Friday, February 17, 2017

First seeds started and the light setup

It's a beautiful day in the Midwest, sunny and 64 degrees (18 C).   And it's not just today, the forecast calls for the same balmy weather for another week, with no low below 40 F.  That would be normal in April, but this is mid-February.  If this warm spell keeps up, many deciduous trees will leaf out, as they did in 2012.  That year an early warm period followed by a later hard freeze killed the leaves on any trees that budded out too early.  Those trees had to leaf out again, which was especially hard on the tulip poplars.  I'm worried that my two apple trees will leaf out only to have the tender growth killed by frost, but there's nothing that can be done.  Usually I prune the apple trees in early March, but this year I'll prune them this weekend.  Strange and bizarre weather.

The spinach that was sowed last October is doing really well under the plastic greenhouse.  There are two rows of Burpee's Double Choice, which I have overwintered for years, and one row of Reflect, which was overwintered the first time this year.  The Reflect spinach is growing really well, even better than the Double-Choice.  If it doesn't bolt as the days get longer it will be my first choice for overwintering spinach in the future.  I expect a small harvest of spinach next week when I thin the rows.  A row of Pinetree winter lettuce mix also made it through the winter.  

Several years I ago I came up with this self-watering system for starting seedlings.  The system uses two trays, a solid tray and a tray with slits or small holes in the bottom.  Three pieces of PVC pipe are screwed to the perforated tray.  The pipe makes a space between the two trays that will hold about two quarts of water.

A wicking mat is set into the slitted tray.  The ends of this tray are cut so the mat can be pushed through.  In the past I bought this wicking material from a nearby store called Worm's Way, a hydroponics supplier, but they closed their retail outlet near Bloomington this year. with the conversion of the highway to Interstate 69 shutting off their road access.  At a Michael's craft store I found a bag of quilt filling, and it looks exactly like the wicking material I used to buy.  It is cut it into pieces to fit into the trays.

The ends of the wicking mat are folded under the bottom of the perforated tray, which is set into the solid tray.  Add some water and it's ready for pots and cell packs.  The beauty of this setup is that it provides just the right amount of water to the plants and the reservoir will last about a week before it needs replenishing.  With larger plants like tomatoes and okra the water will last several days, still a real timesaver.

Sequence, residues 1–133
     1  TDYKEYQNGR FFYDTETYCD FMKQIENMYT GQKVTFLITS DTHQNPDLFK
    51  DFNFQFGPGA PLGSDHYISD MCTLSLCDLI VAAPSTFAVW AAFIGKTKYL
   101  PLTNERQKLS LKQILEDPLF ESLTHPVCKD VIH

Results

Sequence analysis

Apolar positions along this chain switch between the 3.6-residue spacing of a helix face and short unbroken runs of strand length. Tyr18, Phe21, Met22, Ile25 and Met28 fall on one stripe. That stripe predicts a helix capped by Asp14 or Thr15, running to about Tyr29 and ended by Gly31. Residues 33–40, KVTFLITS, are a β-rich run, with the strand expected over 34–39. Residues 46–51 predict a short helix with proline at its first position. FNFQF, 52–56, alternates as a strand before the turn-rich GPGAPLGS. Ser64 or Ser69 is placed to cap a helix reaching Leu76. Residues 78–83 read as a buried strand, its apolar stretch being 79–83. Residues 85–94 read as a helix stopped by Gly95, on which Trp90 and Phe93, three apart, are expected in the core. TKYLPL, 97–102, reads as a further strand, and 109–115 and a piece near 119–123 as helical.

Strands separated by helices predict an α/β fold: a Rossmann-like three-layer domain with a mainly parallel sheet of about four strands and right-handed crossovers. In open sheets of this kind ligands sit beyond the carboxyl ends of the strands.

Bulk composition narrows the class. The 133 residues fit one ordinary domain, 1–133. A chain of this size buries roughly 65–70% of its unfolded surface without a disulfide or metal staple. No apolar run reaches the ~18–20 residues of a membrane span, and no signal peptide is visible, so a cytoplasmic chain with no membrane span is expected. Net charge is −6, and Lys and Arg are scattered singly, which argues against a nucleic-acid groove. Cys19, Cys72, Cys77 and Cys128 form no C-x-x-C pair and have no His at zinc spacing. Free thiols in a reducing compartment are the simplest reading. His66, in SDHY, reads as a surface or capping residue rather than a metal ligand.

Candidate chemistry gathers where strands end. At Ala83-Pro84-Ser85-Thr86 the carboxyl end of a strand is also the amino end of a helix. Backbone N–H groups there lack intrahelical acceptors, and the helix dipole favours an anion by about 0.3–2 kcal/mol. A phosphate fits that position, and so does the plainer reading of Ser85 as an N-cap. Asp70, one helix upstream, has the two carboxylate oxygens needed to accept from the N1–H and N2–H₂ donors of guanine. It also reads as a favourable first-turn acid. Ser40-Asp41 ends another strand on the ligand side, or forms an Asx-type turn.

I seeded 12 cells of lettuce, enough to fill one half of an Earthbox.  I'll seed 12 more in a few weeks.  The seedling mix is Miracle-Gro potting mix.  Maybe it's not the best mix but it does the job, and it has enough fertilizer in it to sustain tomato and pepper seedlings until they are set out.  I put some mix in a plastic tub, added 1/2 teaspoon of beneficial microbes and rubbed the mix with my hands to break up any clumps.  A little water was added to moisten the mix then it was added to the cell packs.

The cell packs are 3 inches deep.  I like to use the deeper pots for lettuce and brassicas because the seedlings seem to get a better start as long as the root ball can be kept intact when it is time to transplant. These are pots that originally had some annuals from the nursery (frugal gardeners motto:  don't throw anything out).   Once seeded the pots were set in the trays and the tray was covered with a plastic lid until the seeds germinate.  I don't use bottom heat except when starting the peppers, the rest germinate fine at room temperature.  The light will be turned on a 16/8 hour cycle once the seeds germinate.

The light unit is a modified shop light with four T8 flourescent lights.  Two of the lights are 6500K and two of them are 8000K,  so they are strongest in the blue region, which tends to give stockier growth.  I found the 8000K bulbs at Rural King.  They are probably used in chicken houses to mimic daylight.  The old rule of thumb is reds for flowering and blues for foliage.  I've done some research on this and found that even the 'warm white' 3200K bulbs are not very strong in the red region that plants need, which is why I go with the high K bulbs.

When the four light setup was put into operation a few years ago two of the bulbs were Gro-Lux bulbs, which provide a red/blue mix of light perfect for photosynthesis.  Under this light the seedlings grew wonderfully the first year, but toward the end of the second season the seedlings became spindly and grew poorly.  So the bulbs were good for about a year, and at their cost I wasn't about to replace them every year, which is why I go with standard daylight bulbs now.  Anyone interested in more detail about lighting and seed growth, this post from 2013 provides some useful information. 

This is just the start.  In a few days I'll seed 72 cells (a full tray) with onions.  Most of the potting-up work I enjoy, but the onions are pure tedium.  Then it will be time to start the first set of brassicas.  The season is underway!

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